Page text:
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Beating the Spreadsheet Blues

3 minute read
Pierre DeBois avatar

Remember the old days when it seemed that all you need to know from your computer is how to save a Microsoft Excel file? If you are a marketer those days seem rosy compared to what’s happening in digital media. 

New ways of capturing data has introduced challenges in inspecting data and developing models.  Marketers with a limited knowledge of traditional query language must access data. And as I wrote in the post, How Marketers Can Get A Better Handle On Their Data, new markup language elements raises the number of ways data can be associated with web and app elements.  This has increased the ways the data can be used in calculations for desired results.

Because of this new data challenge, analytic solution providers have created a number of options to simplify data usage.

Enhanced Analytic Reporting 

By deemphasizing database syntax, new solutions have emerged to quickly blend data into reports and calculation models. These options permit marketing managers to adjust data models based on their judgment of the business application rather that entirely upon query language concerns.

Plugins for Google Spreadsheet and Microsoft Excel, for example, can enhance analytic reporting with a nuanced review of marketing data. 

Google introduced a Data Import feature for Google Analytics. The feature imports external data into standard and custom reports at the user’s discretion. The types of data that can be selected are complimentary to the dimension and metrics reported.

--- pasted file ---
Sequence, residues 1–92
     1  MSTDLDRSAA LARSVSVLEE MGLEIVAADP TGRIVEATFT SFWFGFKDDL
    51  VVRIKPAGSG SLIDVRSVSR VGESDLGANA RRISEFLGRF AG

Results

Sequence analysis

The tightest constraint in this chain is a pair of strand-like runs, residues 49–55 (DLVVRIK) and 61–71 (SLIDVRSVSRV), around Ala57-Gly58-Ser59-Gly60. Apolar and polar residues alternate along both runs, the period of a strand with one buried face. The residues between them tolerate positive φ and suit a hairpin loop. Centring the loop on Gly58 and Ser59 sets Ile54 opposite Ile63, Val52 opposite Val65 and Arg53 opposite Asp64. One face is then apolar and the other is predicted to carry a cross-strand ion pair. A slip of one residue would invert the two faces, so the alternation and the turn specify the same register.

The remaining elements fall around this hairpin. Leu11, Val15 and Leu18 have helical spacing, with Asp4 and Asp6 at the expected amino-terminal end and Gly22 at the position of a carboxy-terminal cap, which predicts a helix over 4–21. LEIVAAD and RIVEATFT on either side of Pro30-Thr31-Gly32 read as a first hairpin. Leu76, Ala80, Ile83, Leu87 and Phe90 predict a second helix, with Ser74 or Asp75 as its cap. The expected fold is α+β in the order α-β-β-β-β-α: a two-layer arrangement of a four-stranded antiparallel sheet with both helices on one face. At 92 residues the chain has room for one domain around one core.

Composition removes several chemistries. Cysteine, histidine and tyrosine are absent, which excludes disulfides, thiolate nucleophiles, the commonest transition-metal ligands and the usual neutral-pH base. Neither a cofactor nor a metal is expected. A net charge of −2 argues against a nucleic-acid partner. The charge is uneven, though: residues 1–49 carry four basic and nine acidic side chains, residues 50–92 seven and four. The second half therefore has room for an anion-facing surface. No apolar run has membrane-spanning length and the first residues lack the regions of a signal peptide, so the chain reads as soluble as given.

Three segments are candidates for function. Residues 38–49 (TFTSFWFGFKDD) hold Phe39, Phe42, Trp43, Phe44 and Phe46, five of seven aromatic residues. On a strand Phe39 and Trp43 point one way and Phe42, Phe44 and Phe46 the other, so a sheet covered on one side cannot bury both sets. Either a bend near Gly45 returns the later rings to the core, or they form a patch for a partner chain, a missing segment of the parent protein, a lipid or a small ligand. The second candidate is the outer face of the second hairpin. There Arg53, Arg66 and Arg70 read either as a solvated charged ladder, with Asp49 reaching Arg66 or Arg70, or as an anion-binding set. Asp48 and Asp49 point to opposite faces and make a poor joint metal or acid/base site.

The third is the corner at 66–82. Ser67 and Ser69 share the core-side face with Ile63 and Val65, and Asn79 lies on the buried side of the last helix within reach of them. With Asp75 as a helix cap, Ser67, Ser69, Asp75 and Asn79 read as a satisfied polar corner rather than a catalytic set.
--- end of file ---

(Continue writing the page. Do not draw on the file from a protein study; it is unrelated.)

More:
For example, Google suggests in its Data Import description that refund data can be incorporated into the ecommerce report.  This merge  provides a useful picture of cash flow from sales and insight into point of sale activity. 

Google Analytics is not the only web analytics solution that offers a data import feature. But there are limitations — Google does not blend time-based or geographic data for example.  Moreover, your team may require additional calculations after importing data. 

Learning Opportunities

Making the Most of Spreadsheets

This analysis scenario highlights how a spreadsheet can be used effectively. A tab can be used for inserting the data, can the cells can be referenced on another tab to calculate the data or provide graphics.  To ease this process developers have created plugins for both Excel and Google Spreadsheet. 

Supermetrics Data Grabber can export Google Analytic data into a spreadsheet, allowing for more combinations of dimensions and metrics. Excellent Analytics, which was purchased by Next Analytics earlier this year, and Tatvic are other examples of Excel plugin.  

Google Spreadsheets are similar to Excel, but for plugins, they rely on Google App Scripts. Google App Scripts are JavaScript plugins meant to work with the APIs and functions of various Google applications.  Developers can create and develop their own custom script to suit their spreadsheet purposes, but there are ready-to-use scripts available.  These scripts can be published via the Chrome Web Store. For Google Analytics, marketers can search and use Google Analytics Report Automation as a ready made script for custom dashboards.    

Be Aware of Limitations

Despite these spreadsheet features, capacity limitations still exist, and thus should be considered when planning analytic capability.   The number of rows and columns available limit the amount of data that can be imported into a spreadsheet tab.  Thus, more advanced, cloud based dashboards like Tableau are popular for large datasets.

But for instances of modeling data segments, investigating initial assumption, or working with data from small businesses, a spreadsheet combined with a plugin can bring back the simplicity of the good ‘ol days but with a bit more of today’s sophistication.